Cregg and I decided it was time to get a good prank going... we had English
during sixth period. Stella Mae was ALWAYS late coming to class, so one day
during the interval between the class bell and Stella Mae's arrival, John and I
distributed the entire contents of a little nickel-size pocket pack of
tissues to all the members of the class. Our instructions to the rest of the
class were, when Stella Mae turns around and writes on the blackboard for the
second time, everybody was to crumple up their tissue and drop it on the floor
beside his/her desk. Nearly everybody in the class followed though, and when
Stella Mae turned around and saw the floor, she became absolutely hysterical,
and ran screaming out of the classroom, yelling "Germs! Germs! James!
James!". James was the above mentioned beloved custodian. She had her room
evacuated while James swept the entire floor... and class was suspended for the
rest of the day!

Our absolute favorite place to "cut up" was in the Chemistry classroom. The
chemistry teacher (Mrs. Gentry) stepped out of the classroom for some
reason, and in her absence John Cregg and I decided to engage in a "rubber test
tube stopper" fight. Of course the teacher walked back into the classroom at
exactly the wrong moment, and John Cregg caught her exactly between the eyes
with a big rubber stopper! Because lunch break immediately followed Chemistry,
we were "punished" by having to stay in the chemistry classroom... a very
stupid mistake on her part! On that particular day, the lesson was the one
with immersing a piece of sodium metal and catching the hydrogen gas (explosive
stuff!) in a test tube (that wasn't good enough for John Cregg... he used a
glass gallon jug!). To increase the stupid factor, she left the unused sodium
metal out on her desk, and left her built-in teacher's sink full of water.
OK... James Lewis came into the chemistry classroom to sweep and was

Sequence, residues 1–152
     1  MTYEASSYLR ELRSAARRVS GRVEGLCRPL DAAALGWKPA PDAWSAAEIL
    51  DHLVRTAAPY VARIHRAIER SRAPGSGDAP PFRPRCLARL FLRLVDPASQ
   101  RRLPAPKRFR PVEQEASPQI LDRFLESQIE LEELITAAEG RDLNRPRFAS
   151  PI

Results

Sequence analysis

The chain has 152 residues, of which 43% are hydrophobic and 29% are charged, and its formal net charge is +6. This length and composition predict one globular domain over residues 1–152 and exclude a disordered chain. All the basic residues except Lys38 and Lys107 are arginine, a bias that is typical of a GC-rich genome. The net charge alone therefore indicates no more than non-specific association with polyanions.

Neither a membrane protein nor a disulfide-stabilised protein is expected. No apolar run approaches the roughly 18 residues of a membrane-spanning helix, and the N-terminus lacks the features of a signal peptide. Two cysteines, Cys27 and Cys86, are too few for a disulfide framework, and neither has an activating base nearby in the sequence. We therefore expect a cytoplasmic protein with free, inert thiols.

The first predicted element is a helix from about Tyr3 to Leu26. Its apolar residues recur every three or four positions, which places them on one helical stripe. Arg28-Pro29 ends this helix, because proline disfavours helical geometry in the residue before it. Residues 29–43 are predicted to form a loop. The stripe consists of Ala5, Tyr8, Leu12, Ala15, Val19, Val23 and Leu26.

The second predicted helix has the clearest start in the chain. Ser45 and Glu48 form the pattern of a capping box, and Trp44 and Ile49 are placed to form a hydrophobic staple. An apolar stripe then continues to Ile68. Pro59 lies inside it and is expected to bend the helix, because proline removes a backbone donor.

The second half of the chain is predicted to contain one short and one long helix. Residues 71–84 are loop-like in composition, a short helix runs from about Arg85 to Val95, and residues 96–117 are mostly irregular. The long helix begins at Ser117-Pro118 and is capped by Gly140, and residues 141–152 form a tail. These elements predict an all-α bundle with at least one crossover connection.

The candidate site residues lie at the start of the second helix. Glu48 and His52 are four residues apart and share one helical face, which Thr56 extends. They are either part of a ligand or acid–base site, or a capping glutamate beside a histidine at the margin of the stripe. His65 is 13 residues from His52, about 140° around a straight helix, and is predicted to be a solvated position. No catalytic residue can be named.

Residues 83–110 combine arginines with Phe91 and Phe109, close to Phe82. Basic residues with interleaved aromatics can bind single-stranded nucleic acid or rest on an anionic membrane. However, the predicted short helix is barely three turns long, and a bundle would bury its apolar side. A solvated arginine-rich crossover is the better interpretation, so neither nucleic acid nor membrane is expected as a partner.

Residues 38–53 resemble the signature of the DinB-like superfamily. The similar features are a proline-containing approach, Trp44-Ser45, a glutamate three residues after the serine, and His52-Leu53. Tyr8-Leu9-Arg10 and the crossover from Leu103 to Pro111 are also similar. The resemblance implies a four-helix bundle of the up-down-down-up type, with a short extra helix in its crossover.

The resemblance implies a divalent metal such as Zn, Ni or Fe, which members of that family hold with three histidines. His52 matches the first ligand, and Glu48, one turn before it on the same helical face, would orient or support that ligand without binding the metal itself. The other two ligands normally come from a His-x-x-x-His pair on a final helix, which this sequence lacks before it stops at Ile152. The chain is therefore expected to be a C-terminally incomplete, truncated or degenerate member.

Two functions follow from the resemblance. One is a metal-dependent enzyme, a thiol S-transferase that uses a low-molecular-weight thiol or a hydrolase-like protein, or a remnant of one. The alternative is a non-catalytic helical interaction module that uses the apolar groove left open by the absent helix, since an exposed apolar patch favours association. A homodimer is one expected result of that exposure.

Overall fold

surprised to find John and I sitting in there. We told James that we had to stay in
the classroom because we had been bad. Well, James did his sweeping, and the
last thing he did was to get down under the teacher's desk to sweep. At
that very moment, John and/or I tossed a golfball-sized chunk of sodium metal
into the sink (the bottom of which was directly above James' head!). The
sodium sizzled, the water bubbled, and all of a sudden there was a very loud
explosion followed by a very loud, dull "thud". The explosion was, of course, the
sodium/water reaction, but the "thud" was the top of James' head violently
encountering the bottom of that cast iron sink! When he came up from under
that sink, his eyes were as big as dinner plates, and he had a huge "goose
egg" on the top of his head, and he yelled at us to "get outa here... this whole
place is going to BLOW UP!" John and I nonchalantly walked down to the
cafeteria, and the chemistry teacher saw us and said that we were told to stay in
the classroom. John very casually told her that James had told us to leave.
All was well until there was an announcement over the intercom later that
afternoon that John Cregg and John LeGarde were to report immediately to the
principal's office! You figure out the rest!

Ah, the good old days (1958 and 1959)!









************************************** See what's free at http://www.aol.com.

Re: new images on web site

laurie mccullough <lmccullough@...>
 

Sometime during the years I was teaching at Orange Co High School and
working part time at WJMA, I remember an event involving Murcelle Coleman
that occurred on a particularly hot spring day. The school was not air
conditioned then (this was around 1980) --- in fact, an interesting side
note was that there was an official rule requiring men to wear ties, which
was suspended when the mercury hit 90 degrees. There were annual debates
about whether the men on the third floor could take off their ties before